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Improving Patient Safety: The Challenges and How to Make an Impact

By Tony Oliva, DO, MMM, FACPE – Vice President and CMO, Nuance

In March of 2000, the book “To Err is Human: Building a Safer Health System” was published. That publication began a national conversation and movement to address safety concerns and failures in our healthcare system. Unfortunately, since that time while we have seen some improvements the number of failures and patient safety events continue at an unsatisfactory level.

In recent years, especially with the unforeseen impact of Covid, we have seen additional pressures like staffing challenges and burnout, which have continued to add significant pressures against a progressively safer environment for healthcare.

At its base the concept of “To Err is Human” is true. We as humans make mistakes for many reasons. The biggest and sometimes most overlooked factor is just that “we are human”. Being human brings together some basic realities that can create major challenges as we try to address systems of care to improve the overall safety of our healthcare system, or even in our own environments. It is a daunting task.

The recent advisory from the U.S. Surgeon General on building a thriving health workforce substantiates some of the challenges that contribute to this. According to this recent report, our health depends upon the well-being of our health workforce. Specifically, it states, that “burnout among health workers has harmful consequences for patient care and safety”.1 This also has a costly financial repercussion for the healthcare system including the costs of replacing staff. Researchers estimate that annual burnout-related turnover costs are as high as $9 billion for nurses and $2.6 to $6.3 billion for physicians.2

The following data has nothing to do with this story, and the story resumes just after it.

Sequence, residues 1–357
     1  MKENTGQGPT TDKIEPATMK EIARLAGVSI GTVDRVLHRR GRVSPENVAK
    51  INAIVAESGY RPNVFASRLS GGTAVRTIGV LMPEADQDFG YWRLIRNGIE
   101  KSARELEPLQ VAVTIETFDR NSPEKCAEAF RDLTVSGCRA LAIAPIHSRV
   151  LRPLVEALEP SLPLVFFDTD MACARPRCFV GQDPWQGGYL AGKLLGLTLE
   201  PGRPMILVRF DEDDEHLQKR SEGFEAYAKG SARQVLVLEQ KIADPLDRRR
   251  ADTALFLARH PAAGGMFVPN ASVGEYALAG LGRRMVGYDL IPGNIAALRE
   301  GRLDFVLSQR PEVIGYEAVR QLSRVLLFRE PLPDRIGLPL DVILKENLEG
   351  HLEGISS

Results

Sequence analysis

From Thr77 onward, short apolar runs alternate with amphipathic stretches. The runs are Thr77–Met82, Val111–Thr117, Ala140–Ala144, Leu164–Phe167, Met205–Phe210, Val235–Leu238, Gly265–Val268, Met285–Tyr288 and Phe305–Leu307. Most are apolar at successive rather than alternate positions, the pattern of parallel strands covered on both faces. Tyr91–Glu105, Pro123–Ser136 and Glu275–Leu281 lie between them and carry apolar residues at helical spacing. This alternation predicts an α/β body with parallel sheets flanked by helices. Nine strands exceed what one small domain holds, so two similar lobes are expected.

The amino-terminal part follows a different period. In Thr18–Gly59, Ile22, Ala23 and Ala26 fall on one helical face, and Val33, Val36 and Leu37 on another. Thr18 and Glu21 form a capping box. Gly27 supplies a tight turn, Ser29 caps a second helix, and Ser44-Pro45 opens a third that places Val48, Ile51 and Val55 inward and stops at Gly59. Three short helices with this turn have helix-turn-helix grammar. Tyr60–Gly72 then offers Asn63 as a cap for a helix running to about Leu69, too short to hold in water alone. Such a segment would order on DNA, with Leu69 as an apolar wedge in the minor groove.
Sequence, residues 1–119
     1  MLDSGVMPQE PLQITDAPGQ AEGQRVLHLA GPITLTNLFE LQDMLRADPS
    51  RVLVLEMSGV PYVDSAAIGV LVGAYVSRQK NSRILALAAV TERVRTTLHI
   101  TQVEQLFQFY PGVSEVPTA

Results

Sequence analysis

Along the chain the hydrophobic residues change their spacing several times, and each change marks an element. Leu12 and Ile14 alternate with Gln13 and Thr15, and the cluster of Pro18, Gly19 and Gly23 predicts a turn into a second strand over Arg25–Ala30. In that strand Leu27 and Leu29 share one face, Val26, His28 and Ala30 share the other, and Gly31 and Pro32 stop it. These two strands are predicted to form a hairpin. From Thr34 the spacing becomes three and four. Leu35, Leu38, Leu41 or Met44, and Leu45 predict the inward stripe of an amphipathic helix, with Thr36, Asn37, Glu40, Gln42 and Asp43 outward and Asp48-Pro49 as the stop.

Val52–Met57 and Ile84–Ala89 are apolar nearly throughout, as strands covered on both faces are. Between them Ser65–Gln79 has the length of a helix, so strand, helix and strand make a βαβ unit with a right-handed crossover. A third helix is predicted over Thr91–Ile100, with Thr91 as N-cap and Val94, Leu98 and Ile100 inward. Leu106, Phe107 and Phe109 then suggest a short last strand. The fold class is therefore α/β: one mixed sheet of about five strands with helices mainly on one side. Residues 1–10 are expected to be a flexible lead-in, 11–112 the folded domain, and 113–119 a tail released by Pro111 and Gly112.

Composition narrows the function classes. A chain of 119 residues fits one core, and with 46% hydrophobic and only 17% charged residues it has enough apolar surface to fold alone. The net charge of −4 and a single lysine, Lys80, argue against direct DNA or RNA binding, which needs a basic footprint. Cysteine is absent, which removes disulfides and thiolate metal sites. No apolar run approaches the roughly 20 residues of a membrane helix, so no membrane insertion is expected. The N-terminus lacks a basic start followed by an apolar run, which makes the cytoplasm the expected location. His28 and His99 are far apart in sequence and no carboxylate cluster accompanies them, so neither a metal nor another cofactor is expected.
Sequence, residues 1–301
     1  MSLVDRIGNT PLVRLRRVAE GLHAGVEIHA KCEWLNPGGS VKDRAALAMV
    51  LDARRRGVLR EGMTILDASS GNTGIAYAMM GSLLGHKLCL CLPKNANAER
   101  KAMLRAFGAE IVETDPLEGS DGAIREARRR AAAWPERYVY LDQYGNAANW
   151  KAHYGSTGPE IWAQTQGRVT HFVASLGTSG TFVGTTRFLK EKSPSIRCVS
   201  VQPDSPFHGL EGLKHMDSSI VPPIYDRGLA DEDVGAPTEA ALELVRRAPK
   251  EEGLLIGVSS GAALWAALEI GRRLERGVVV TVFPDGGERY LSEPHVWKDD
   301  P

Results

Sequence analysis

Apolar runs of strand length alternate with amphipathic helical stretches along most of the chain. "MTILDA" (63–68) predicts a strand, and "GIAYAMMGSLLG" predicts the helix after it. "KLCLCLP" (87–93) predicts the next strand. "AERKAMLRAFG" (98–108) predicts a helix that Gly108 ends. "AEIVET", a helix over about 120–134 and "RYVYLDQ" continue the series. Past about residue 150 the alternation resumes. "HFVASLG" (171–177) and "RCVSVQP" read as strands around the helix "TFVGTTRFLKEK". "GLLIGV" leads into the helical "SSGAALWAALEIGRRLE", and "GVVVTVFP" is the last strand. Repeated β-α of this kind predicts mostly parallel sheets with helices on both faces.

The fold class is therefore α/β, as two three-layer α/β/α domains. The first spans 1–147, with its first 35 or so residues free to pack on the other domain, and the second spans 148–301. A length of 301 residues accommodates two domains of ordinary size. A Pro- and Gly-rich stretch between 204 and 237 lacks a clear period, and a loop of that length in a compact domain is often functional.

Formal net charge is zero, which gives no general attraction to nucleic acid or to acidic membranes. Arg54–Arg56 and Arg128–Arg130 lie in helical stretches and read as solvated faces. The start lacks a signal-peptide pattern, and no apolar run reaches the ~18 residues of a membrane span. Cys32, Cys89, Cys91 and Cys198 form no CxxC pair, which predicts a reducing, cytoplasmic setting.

Other recent studies also reinforce the adverse impact of stressors such as fatigue and burnout. A study by the Stanford University School of Medicine indicates that “physicians are more than twice as likely to make medical errors when they show signs of burnout and are 38 percent more prone to commit lapses in care when they report being fatigued”.3

Being human brings in a set of human factors that can translate into human failures, we call these the 5C’s of human failures:

  1. Communication Failures
  2. Critical Thinking Failures
  3. Compliance Failures
  4. Consciousness Failures
  5. Competency Failures

Within any human system lies a risk that one of these failures at the right time can lead to adverse safety event for a patient.

With the challenges of patient safety and potential implications of human factors, artificial intelligence (AI), if used appropriately, can help mitigate some of these innately human factors and potentially avoid a failure or safety event. AI technologies are available or continuously being developed, which can be used in the mitigate the challenges that are constantly present in human processes of care in the healthcare system.


Nuance AI-powered innovations improve the quality and accuracy of clinical documentation to help healthcare organizations enhance care, quality, and patient safety across the full patient journey. To learn more, please visit our website.

Tony Oliva, DO, MMM, FACPE – Vice President and CMO, Nuance
With over 15 years of executive healthcare experience, Dr. Oliva has served as CMO for multiple health systems, where he led the clinical practice of medicine across all entities.



Notes: 1,2; Addressing Health Worker Burnout, The U.S. Surgeon General’s Advisory on Building a Thriving Health Workforce, 2022

3; Physician burnout, depression can lead to major medical errors: Study – ABC News (